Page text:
This is the first volume of a four-volume Retirement Series, covering the interval between Washington’s retirement from the presidency on 4 March 1797 and his death on 13 December 1799. Except for a trip to Philadelphia in 1798, Washington stuck close to home, only occasionally going from Mount Vernon into Alexandria or across the river to Georgetown and the new Federal City. The management and improvement of his farms at Mount Vernon was his major concern, and the pressing need for money forced him to give particular attention to the disposition of his large landholdings in the West.
As Father of his Country he found himself not only entertaining a constant stream of visitors but also responding to a steady flow of letters from friends and strangers, foreign and domestic. From the start, senators, congressmen, Adams’s cabinet members, and diplomats kept him informed of political developments. Washington’s absence from the public state, never much more than a fiction, came to an end in July 1798 when his growing alarm over French policy and the bitter divisions in the body politic arising out of it led him to accept command of the army, with the promise to take the field in case of a French invasion. And in 1799 Washington for the first time became deeply involved in partisan electoral politics.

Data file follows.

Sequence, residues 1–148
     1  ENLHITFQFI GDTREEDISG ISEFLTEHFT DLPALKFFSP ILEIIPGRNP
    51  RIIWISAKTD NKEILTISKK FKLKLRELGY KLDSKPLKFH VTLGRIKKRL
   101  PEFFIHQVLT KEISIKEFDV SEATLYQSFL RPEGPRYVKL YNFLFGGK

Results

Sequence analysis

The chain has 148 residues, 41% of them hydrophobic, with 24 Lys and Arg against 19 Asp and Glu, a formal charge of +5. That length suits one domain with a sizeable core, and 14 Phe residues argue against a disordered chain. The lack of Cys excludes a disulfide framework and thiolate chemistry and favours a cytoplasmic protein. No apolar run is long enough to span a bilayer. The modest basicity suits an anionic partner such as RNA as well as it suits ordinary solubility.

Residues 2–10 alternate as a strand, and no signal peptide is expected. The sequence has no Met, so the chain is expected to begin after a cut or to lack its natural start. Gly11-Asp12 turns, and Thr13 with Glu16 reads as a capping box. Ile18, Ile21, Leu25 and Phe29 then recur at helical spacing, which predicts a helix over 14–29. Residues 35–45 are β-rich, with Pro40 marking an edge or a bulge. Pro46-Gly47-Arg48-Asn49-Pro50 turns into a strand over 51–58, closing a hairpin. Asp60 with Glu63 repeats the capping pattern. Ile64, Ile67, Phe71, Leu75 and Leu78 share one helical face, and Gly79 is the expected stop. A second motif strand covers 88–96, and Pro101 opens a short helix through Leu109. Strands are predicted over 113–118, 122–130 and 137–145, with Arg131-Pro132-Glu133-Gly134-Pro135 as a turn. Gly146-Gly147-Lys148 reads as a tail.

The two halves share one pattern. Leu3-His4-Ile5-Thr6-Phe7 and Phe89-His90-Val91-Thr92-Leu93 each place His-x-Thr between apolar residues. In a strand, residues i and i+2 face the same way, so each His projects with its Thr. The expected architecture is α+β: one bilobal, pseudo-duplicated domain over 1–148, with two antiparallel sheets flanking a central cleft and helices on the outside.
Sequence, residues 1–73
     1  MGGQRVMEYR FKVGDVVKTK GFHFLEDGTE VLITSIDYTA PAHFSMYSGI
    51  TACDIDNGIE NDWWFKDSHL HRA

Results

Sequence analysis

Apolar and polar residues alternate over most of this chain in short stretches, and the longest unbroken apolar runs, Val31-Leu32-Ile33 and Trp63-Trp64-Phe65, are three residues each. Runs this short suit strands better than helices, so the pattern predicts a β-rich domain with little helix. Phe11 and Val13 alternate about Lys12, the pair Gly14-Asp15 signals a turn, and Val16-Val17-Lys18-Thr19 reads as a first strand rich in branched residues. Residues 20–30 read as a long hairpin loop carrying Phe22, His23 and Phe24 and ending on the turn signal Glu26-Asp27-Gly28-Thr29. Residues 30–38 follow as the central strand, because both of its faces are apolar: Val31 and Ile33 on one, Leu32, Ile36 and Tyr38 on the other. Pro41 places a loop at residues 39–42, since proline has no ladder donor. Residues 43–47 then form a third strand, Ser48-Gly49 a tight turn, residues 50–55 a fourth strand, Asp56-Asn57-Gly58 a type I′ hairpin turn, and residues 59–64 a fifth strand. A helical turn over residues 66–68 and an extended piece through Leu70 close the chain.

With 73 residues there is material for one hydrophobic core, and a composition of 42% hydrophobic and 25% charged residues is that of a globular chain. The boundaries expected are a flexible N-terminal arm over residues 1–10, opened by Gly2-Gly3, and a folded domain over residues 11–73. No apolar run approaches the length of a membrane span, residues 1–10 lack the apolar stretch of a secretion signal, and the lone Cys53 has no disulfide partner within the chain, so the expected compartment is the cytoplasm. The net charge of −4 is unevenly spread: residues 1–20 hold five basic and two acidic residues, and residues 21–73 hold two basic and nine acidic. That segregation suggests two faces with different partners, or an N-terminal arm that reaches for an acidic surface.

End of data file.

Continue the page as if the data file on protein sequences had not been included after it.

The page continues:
During the first ten months of his retirement, with which this volume deals, Washington was, as he said, busier than ever before, breaking in a new farm manager, repairing and refurbishing long neglected buildings, hiring new overseers and a new gardener from Britain, and most difficult, and perhaps most important of all, getting a proper cook for Mrs. Washington.
W.W. Abbot, ed., The Papers of George Washington: Retirement Series volume 1, March – December 1797. Charlottesville and London: University Press of Virginia, 1998.
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